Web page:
Israel’s Nation State Bill and the Declaration of Independence

“Being a free people in our land” brings with it responsibility for its democratic functions and Jewish character in equal measure.

The Declaration of Independence describes the historic journey towards May 1948 and the vision for the nascent Jewish state known as the State of Israel. Its power rests in the aspirations the Jewish people have for self-determination in the face of thousands of years of exile, continuing settlement in the land and devastating events of the 20th century. A vision of democracy and Judaism hand in hand.

The narrative behind the new Nation State bill is altogether different. It downgrades the role of the Arabic language and appears to give a greenlight to single ethnic and religious groups to create communal settlements to the exclusion of others. And all that is besides other complex issues of how minority groups are regarded.

The narrative behind these laws seems to be fundamentally conflicted. On the one hand there is a vision of Israeli Jewish culture being more important than anything else – be it Jewish culture in the diaspora or culture of other minority groups in Israel.  At the same time, the vision is one of a perceived existential internal threat constantly destabilising the Jewish character, leading to a chronic case of cultural insecurity.

Good laws should be set within a vision of how the world might be and how it should be. My vision for the State is not one wrought up in confusion of its own significance, with an inferiority complex and where rampant religious and ethno-centrism permits the establishment of mono-ethnic/religious communal settlements and even the suggestion of lesser status of minority groups.

Rather, the soaring democratic vision of the Declaration of Independence must be a more compelling narrative. As Dr Michael Livni, a Reform Zionist educator in Israel wrote back in 1987, “The western democratic tradition of civil rights and liberties that guarantees freedom of religion and conscience has not been realised in Israel in spite of Israel’s Declaration of Independence which is, however, declarative only and not legally binding….Ultimately, the realization of the idea of the Jewish state, the development of meaningful Jewish content for this and future generations, is not something that can be legislated…this is the task of committed social process, of community and perhaps of a community of communities based on free will and conscious of their Zionist Shlichut (mission).”

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This article was first written for the Jewish News published on 25 May 2017, but they misspelled my name and cut Michael Livni’s quote quite strangely, so felt it important to repost here.

Shared Hope and the Dispossessed

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Mira Awad, Shay Alon (guitar) and Mark Greenfield (drums)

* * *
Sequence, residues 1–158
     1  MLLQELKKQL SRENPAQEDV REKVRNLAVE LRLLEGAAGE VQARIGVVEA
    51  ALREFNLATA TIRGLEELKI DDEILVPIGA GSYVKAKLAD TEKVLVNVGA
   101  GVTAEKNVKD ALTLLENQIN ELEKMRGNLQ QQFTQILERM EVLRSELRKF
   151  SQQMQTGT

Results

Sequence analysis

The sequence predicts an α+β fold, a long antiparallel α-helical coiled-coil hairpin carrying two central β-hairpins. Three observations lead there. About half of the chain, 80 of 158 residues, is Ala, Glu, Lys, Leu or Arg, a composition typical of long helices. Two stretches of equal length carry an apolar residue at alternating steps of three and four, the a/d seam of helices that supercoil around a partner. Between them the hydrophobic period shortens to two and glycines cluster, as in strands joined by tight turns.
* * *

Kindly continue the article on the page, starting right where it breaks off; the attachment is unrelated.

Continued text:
הַשְׁכִּיבֵֽנוּ יהוה אֱלֹהֵֽינוּ לְשָׁלוֹם וְהַעֲמִידֵֽנוּ מַלְכֵּֽנוּ לְחַיִּים
וּפְרוֹשׂ עָלֵֽינוּ סֻכַּת שְׁלוֹמֶֽךָ
Source of our life and our Sovereign, cause us to lie down in peace, and rise again to enjoy life.
Spread over us the covering of Your peace.(Evening service liturgy)

I’m about the same age as Mira Awad and our families have histories that are microcosmic reflections of the 20th century. Her Palestinian family were dispossessed in the birth of the State of Israel. My family were migrants, fleeing hardship and antisemitism in Eastern Europe in the turn of the 20th century and then dispossessed refugees fleeing the rise of Nazism in the mid-20th century. She and I have every reason to feel bereft of hope for humanity because the scars of family trauma run deep through the generations. Yet, I discovered quite the opposite as I sat with her for Friday night dinner and then heard her perform.

As I explained during the week to my children (who are born into a family of refugees on both sides, whether from Germany or Egypt, where my father-in-law was born and fled from in the 1950s) – Mira was a Palestinian Israeli who sang in Arabic, Hebrew and English. They innocently asked, “What’s a Palestinian and what’s Arabic?”

If ever there was a question loaded with the heavy weight of political discourse it was those two questions. Yet, I found great freedom in telling my children that the land of Israel was important to peoples not just a people. Jewish people live there and so do Palestinians and also Bedouin and Druze. I told my children, the Palestinians feel connected to the land and call it home and that Arabic is one of the national languages of the State of Israel. We share, at least theoretically, the land with other peoples. That was enough for two under 6 year olds. But it was a moment of great congruence between my values, my professional life and raising my children.